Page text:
Anaesthetist's prospective memory
Danish Simulation Centre, Herlev University Hospital, Denmark
This study investigated failures of prospective memory (PM) as a relevant but neglected error type in medicine. A patient simulator was used to investigate PM failures. The influence of subjective importance and type of intention (educational, internal, external) on the (missed) execution of intention was investigated in a 262 design. The effects on missed executions by importance and type of intention were hypothesized. A total of 64% of unimportant and 80% of important intentions were executed 79% of educational 67% of external and 72% of internal intentions were executed. Neither difference was statistically significant. Interaction was significant for missed executions and for executions. Despite low statistical support and some methodological limitations, it was possible to show that PM failures are relevant to patient safety and that patient simulators are a suitable but so far unused tool for their investigation.
Simulator-based evaluation of clinical guidelines, exemplary of a modified rapid-sequence-induction (RSI) technique for infants as compared to the classic technique
C. Eich, A. Timmermann, S.G. Russo, H. Wagner-Berger & A. Nickut
Georg-August University, Göttingen, Germany
A valid evaluation of clinical guidelines in acute medicine frequently collides with ethical considerations, particularly when children are involved. Question is whether a paediatric patient simulator in an authentic clinical environment would be able to relieve this dilemma.
Rapid sequence induction (RSI) in infants is a time critical and potentially harmful procedure. The classic RSI technique comprises various difficulties: Inadequate preoxygenation of a wiggling child, prolonged apnoea without intermittent mask-ventilation, and cricoid pressure impeding endotracheal intubation. Hence most infants become more or less hypoxic which frequently triggers a cascade of subsequent incidents, such as bradycardia, increased rate of failed intubations, forced mask-ventilation with gastric distension and high stress levels for the anaesthetist.
With respect of these unfavourable effects, more and more professional bodies rather recommend a modified RSI technique: Shallow and rapid mask-ventilation after induction of apnoea with minimal airway pressure to achieve hyperoxia, unhurried intubation under complete neuromuscular blockade, and abandonment of cricoid pressure.
Despite inherent limitations we aim to prove that an evaluation of clinical guidelines in a simulator environment is generally feasible. We compare the modified RSI technique for infants with the classic technique by using an infant simulator in an operating room setting. We record critical events and unsafe actions (e.g. failed intubation, forced mask-ventilation) as well as stress markers of the performing anaesthetist (respiratory rate, minute volume, O2-consumption and heart rate, salivary cortisol and alpha-amylase).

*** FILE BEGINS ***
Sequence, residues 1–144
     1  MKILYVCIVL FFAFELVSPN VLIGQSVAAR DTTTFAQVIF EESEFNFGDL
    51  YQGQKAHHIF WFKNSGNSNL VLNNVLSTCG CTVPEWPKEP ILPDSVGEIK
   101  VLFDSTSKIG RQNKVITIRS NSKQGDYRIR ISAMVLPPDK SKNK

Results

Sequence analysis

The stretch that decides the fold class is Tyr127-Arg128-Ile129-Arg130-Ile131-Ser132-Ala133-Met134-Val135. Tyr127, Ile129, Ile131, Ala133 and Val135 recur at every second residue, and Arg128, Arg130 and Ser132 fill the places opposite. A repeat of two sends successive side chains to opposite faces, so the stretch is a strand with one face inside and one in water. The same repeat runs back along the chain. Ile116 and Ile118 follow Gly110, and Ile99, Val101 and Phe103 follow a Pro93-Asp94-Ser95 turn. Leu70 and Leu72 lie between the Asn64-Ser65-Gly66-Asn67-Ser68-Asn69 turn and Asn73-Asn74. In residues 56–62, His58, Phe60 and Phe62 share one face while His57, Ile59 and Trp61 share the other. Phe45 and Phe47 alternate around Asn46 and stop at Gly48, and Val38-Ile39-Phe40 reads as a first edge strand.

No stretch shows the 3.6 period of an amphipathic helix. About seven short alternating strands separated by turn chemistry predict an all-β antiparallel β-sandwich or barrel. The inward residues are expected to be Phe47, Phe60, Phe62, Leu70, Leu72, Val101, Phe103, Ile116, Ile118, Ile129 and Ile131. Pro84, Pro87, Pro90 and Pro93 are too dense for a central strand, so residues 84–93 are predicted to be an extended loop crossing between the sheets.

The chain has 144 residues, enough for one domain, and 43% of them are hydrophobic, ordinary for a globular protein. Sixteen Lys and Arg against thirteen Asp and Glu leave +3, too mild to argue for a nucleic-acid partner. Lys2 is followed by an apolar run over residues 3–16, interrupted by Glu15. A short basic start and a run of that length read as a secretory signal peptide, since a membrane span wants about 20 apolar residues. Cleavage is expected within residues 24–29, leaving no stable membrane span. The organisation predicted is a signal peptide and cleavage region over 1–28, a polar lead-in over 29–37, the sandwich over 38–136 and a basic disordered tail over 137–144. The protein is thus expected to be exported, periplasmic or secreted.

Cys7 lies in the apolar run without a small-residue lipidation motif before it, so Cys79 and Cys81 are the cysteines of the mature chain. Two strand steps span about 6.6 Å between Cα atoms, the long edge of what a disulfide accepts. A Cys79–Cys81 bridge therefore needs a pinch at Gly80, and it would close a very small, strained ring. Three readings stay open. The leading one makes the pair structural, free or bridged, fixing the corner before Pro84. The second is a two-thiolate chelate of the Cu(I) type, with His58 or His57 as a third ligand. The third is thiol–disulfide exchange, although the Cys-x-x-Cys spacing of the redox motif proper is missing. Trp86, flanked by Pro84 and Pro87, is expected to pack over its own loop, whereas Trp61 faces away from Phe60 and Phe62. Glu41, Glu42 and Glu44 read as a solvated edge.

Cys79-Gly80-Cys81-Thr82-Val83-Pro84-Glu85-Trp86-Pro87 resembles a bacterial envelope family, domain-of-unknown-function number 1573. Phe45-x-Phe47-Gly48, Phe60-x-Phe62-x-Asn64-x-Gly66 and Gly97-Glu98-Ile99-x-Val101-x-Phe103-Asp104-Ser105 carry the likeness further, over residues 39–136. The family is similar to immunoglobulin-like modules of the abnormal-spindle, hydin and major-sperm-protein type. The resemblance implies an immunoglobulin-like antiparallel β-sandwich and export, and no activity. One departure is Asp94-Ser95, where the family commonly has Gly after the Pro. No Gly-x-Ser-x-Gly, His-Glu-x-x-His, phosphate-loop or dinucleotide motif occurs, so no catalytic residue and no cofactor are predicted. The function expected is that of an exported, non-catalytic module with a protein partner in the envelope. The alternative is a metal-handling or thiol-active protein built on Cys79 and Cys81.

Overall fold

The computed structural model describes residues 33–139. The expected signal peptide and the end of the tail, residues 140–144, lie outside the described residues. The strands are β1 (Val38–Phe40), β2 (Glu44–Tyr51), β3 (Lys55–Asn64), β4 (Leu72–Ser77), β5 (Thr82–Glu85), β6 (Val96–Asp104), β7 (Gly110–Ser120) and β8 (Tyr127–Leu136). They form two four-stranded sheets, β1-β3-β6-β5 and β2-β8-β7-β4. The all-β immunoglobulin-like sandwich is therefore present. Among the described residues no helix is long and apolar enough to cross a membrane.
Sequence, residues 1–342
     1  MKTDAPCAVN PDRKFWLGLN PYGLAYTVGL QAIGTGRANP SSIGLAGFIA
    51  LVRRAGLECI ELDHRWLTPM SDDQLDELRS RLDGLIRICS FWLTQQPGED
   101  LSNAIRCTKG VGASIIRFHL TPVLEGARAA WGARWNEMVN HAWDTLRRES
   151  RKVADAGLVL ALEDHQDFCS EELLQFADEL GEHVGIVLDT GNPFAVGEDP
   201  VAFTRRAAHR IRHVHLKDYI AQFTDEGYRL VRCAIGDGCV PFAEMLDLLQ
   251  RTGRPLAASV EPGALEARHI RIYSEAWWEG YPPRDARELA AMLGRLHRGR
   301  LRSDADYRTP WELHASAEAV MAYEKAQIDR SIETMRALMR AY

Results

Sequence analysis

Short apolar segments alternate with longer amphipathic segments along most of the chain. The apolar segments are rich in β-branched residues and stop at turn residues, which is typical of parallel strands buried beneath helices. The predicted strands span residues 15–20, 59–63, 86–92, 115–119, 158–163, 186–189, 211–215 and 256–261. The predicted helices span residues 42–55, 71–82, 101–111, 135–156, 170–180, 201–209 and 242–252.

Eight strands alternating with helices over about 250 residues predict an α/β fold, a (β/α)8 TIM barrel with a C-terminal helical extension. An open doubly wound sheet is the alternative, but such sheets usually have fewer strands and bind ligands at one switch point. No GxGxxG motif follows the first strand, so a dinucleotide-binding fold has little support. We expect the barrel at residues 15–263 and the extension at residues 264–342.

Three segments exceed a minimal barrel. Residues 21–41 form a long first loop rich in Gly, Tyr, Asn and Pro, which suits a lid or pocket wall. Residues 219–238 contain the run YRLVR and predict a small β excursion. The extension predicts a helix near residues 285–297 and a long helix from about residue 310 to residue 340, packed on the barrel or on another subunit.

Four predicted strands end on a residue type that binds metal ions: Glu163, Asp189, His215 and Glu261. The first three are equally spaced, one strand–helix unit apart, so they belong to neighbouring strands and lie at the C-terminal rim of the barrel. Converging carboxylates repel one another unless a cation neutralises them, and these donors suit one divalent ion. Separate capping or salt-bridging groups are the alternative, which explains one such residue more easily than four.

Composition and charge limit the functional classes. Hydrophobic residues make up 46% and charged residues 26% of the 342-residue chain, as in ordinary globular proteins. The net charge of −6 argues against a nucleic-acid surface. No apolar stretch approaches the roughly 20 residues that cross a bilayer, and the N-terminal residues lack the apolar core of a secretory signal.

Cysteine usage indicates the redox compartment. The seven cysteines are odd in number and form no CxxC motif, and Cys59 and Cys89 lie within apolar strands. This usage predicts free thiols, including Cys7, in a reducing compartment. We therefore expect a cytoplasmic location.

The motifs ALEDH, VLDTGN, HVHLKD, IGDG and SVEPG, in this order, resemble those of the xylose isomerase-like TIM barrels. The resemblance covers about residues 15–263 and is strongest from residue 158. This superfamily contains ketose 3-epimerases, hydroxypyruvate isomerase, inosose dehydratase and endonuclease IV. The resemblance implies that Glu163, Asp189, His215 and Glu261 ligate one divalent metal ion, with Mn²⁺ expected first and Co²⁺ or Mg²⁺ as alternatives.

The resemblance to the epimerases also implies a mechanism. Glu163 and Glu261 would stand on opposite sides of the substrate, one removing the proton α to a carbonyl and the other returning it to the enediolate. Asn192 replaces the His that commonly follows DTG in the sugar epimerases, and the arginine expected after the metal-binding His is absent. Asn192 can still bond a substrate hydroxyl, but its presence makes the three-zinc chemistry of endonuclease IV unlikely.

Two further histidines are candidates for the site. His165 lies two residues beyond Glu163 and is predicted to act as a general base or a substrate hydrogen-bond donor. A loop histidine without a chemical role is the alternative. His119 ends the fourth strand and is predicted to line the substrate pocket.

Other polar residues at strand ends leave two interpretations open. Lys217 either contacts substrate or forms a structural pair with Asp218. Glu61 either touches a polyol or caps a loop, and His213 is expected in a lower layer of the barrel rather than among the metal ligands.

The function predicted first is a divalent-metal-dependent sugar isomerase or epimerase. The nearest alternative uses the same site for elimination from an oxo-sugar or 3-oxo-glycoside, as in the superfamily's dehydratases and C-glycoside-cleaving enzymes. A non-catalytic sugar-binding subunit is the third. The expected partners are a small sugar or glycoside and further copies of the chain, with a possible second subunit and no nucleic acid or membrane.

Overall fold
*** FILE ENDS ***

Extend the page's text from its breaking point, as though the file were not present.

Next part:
Conflicts of interests:
The Göttingen SimTeam receives regular technical support for workshops, courses and research projects by Laerdal Medical Germany.
Current projects at McMaster University's Centre for Clinical Simulation: CanMEDS competencies and telemedicine
Centre for Clinical Simulation, McMaster University, Ontario, Canada
Our group is in the early stages of two separate studies involving the development of domain-specific behavioural markers. The first is a Royal College of Physicians and Surgeons of Canada (RCPSC) funded study to examine the relationship between CanMEDS and existing behavioural marker systems such as ANTS. CanMEDS is a system of 7 core competencies mandated by the College for all medical specialty trainees, and includes: expert clinician, communicator, collaborator, manager, health advocate, scholar and professional. Similar core competencies have been identified in other national governing bodies, yet teaching and evaluating such competencies has yet to be clearly defined. This project also explores the use of high fidelity simulation to train and evaluate those competencies in anesthesia and critical care. The second project uses high fidelity simulation to recreate certain healthcare settings for the purpose of analyzing team behaviour and communication. Most would agree that "real life" observations are more desirable than simulated recreations for conducting assessments of team performance; however, certain events or settings are too rare, too remote, or too difficult to observe directly.